A representative from the British Columbia Institute of Technology chats with a career fair attendee in Cloverdale, B.C. last month. Black Press will host a Victoria career fair Oct. 25 at the Bay Street Armoury. (Facebook)

TODAY: Business is booming as Black Press Media gears up for Victoria career fair

One stop shop for questions about entering the workforce, finding work experience at Bay Street Armoury

Make sure to stop by the Bay Street Armoury today between 11 a.m. and 4 p.m. to find your future career or post-secondary opportunity at the Black Press Media career fair.

Hopeful, but nervous.

That was the feedback 2,000 Canadians aged 15 to 24 gave in a recent survey conducted to find out how young people feel about entering the work force and what kind of future employment awaits them.

In the review – conducted by the Royal Bank of Canada – respondents were asked to describe how they felt about what careers they may pursue.

RELATED: Find your future at Black Press career fair in Victoria

In B.C., youth weren’t feeling as confident when compared to the national average, that they would find employment opportunities, leading to anxiousness about the employment process.

The majority of youth said they turn first to their parents for career advice, and 83 per cent found that having a part-time job is the best way to develop professional skills.

But, there is somewhere else to turn – career fairs.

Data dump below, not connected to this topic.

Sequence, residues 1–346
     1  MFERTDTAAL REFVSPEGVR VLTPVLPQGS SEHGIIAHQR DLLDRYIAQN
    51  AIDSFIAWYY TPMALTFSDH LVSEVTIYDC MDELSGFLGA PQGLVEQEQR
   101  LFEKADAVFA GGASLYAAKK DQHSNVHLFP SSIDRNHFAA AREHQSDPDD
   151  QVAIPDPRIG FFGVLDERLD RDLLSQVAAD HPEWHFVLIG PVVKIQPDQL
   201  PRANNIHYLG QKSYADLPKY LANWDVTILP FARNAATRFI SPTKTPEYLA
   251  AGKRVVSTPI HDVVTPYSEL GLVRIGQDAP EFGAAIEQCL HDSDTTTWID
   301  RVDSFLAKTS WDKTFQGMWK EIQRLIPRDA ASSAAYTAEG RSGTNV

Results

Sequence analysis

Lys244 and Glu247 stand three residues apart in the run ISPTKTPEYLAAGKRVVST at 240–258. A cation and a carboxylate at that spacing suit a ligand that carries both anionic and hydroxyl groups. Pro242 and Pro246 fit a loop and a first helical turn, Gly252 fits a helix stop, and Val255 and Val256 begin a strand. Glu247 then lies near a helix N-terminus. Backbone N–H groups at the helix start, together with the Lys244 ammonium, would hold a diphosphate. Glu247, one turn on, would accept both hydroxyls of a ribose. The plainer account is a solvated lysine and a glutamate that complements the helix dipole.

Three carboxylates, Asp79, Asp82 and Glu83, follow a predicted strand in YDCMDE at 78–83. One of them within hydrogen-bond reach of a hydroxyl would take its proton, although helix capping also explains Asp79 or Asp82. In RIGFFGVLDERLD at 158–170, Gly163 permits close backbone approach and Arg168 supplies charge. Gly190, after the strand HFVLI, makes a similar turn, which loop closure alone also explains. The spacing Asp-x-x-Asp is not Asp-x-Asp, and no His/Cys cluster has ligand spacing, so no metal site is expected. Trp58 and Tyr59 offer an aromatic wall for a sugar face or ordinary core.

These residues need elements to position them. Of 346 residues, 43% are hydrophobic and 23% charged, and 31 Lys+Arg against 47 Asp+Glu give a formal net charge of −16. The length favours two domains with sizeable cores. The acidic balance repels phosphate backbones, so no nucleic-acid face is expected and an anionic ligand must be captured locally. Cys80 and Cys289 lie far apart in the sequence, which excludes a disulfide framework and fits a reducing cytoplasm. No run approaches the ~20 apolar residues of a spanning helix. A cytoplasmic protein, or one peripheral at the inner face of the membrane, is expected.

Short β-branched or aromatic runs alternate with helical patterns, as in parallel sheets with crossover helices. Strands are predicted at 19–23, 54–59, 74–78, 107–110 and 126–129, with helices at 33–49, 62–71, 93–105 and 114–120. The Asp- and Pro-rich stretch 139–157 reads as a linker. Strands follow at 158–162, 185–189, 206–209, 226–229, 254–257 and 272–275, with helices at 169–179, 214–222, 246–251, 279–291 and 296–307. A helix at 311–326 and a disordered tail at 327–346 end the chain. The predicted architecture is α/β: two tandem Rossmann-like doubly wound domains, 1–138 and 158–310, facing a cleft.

Black Press Media in Victoria is set to host their annual Extreme Education and Career Fair, Oct. 25 at the Bay Street Armoury.

With close to 70 employers in one place, a career fair can be an informal and informative way to find out what awaits you in the workforce.

RELATED: Black Press to host extreme career fair in Victoria

Nearly 45 per cent of B.C. youth said they feel unprepared for the workforce based on actions they’re taking now, as opposed to 39 per cent who said the same across Canada.

“Overwhelmingly, Canadian youth are feeling anxious and unprepared about entering the workforce, but there’s a silver lining – they also have underlying optimism and excitement for the future,” said Valerie Chort, vice-president of corporate citizenship with RBC.

Across Canada, the cannabis industry is a burgeoning business and Mike Beattie of BC Cannabis participated in the Black Press Media Career Fair in Cloverdale last month.

“As long as you’ve got the qualifications you can be anywhere from 19 to 67 [years old],” Beattie said. “We are an inclusive employer.”

Beattie said full time positions in warehouses and call centres will need to be filled, as the government continues to roll out the week-and-a-half old business.

“We anticipate call centre business is going to be a very big part of this,” he said, adding those with experience in the industry before it was legalized bring valuable knowledge to the operation.

RELATED: Pilot program trains next generation of Island farmers

The Black Press Media Career Fair will assemble employers, as well as educators, to give youth a variety of options when looking to the future. Some are anxious to join the work force, while for others, enrolling in a trades program or learning about similar post-secondary options can make the career fair option a successful venture.

The Black Press MEdia Extreme Education and Career Fair runs from 11 a.m. to 4 p.m., Oct. 25 at the Bay Street Armoury (713 Bay St.).


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